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Server maker Verari sparks back into life

Equity-backed founder retakes the helm

Application security programs and practises

The company brought in three rounds of venture funding totaling $54.2m from Sierra Ventures, Voyager Capital, Celerity Partners, Carlyle Group, and an unnamed "strategic investor," the latter of which participated in the third round in June 2007. That was when David Wright, an executive from EMC who had been brought in as CEO a year earlier was given the job of chairman, pushing Driggers aside and relegating him to the chief technology officer position and a member of the board.

The original Verari Systems was privately held and did not divulge its financials, but in November 2008 Driggers told El Reg that the company had sales in excess of $100m. It is very unlikely that this sales rate held in 2009, but with focus and determination, it is quite possible that the new Verari Technologies could get back there again.

Technology licensing seems to be one area that Driggers is excited about, and presumably his backers are as well.

"You're going to see a concerted effort on our part to license and promote these unique technologies," Driggers said in his statement, referring to the vertical cooling and DC power distribution used in the BladeRack2 and Forest containerized data centers. "With the ever increasing compute and storage issues our customers are facing today, I believe we are going to be well positioned to help them solve even the most demanding challenges."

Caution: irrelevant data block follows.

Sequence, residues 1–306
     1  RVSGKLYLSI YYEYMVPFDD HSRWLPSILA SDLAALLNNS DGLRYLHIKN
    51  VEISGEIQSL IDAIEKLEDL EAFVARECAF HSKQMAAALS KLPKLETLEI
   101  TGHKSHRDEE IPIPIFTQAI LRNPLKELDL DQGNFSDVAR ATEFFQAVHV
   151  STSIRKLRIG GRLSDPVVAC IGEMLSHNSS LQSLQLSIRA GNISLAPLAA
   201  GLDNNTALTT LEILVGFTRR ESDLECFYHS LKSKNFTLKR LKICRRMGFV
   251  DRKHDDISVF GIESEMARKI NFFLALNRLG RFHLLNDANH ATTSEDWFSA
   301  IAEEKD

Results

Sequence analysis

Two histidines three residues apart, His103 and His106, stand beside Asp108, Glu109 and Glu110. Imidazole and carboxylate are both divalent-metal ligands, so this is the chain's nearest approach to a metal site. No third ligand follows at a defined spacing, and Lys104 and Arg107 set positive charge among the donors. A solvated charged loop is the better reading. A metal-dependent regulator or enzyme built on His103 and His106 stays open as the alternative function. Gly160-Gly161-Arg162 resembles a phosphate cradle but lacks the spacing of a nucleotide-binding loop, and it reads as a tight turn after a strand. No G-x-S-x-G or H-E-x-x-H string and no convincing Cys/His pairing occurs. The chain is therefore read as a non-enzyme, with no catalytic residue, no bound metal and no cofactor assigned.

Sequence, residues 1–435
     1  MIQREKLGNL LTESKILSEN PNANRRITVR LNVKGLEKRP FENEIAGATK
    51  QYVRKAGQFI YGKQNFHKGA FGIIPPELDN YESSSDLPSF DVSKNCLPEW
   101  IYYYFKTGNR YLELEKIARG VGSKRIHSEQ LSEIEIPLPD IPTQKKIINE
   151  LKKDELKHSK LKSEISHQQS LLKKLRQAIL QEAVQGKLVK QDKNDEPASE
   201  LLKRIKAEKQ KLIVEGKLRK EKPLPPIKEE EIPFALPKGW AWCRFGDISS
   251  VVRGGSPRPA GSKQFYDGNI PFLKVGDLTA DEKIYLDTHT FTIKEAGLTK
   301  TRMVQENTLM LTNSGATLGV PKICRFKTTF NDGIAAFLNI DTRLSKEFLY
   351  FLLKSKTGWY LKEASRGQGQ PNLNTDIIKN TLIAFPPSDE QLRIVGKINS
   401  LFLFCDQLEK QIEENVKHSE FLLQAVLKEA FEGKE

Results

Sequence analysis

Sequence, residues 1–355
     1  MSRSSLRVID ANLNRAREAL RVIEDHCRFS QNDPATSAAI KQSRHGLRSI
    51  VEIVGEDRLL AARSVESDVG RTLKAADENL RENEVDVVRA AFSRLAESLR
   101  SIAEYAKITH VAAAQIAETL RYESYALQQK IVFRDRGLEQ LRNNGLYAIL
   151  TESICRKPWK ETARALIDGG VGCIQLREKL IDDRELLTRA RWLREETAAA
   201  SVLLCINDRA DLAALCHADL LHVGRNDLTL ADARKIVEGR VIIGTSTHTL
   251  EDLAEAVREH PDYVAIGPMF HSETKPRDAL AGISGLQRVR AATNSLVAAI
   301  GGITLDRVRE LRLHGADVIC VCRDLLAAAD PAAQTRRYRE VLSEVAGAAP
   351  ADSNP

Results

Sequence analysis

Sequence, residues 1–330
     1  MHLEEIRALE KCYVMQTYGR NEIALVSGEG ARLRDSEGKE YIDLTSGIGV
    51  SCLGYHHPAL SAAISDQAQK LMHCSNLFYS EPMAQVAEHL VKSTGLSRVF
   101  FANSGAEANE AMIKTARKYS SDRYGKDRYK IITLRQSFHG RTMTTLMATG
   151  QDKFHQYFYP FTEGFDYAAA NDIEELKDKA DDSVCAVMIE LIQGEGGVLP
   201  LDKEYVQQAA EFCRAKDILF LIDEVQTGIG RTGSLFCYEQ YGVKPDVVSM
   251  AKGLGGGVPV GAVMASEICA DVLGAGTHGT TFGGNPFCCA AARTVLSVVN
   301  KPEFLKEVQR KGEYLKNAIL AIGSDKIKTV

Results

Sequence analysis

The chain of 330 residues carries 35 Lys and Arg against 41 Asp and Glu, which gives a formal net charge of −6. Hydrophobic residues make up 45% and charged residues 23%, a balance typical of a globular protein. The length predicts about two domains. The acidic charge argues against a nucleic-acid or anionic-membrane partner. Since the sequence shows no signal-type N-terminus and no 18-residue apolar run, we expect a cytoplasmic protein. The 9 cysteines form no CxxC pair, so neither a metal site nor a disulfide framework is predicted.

There is no word yet on how many of the former Verari employees will be offered jobs. Verari never confirmed these numbers, but the whispers going around as the original Verari was sliding toward financial oblivion had it that the company peaked at around 300 employees before the economic meltdown and had around 225 employees prior to the December 11 layoffs. All but a few dozen key employees for supporting customers and the top brass (Wright and Dan Gatti, senior vice president of marketing at the earlier Verari) working on the asset sale were let go back in December.

A number of HPC rivals started offering support for Verari Systems' products and hiring former employees. Silicon Graphics offered tech support for Verari products (for a fee, of course) in the wake of the layoffs, and said last week that it had hired Vincent Scarpulla, formerly vice president of worldwide field operations at Verari and an ex-EMCer as Wright was, to head up SGI's sales in the Americas region. ®

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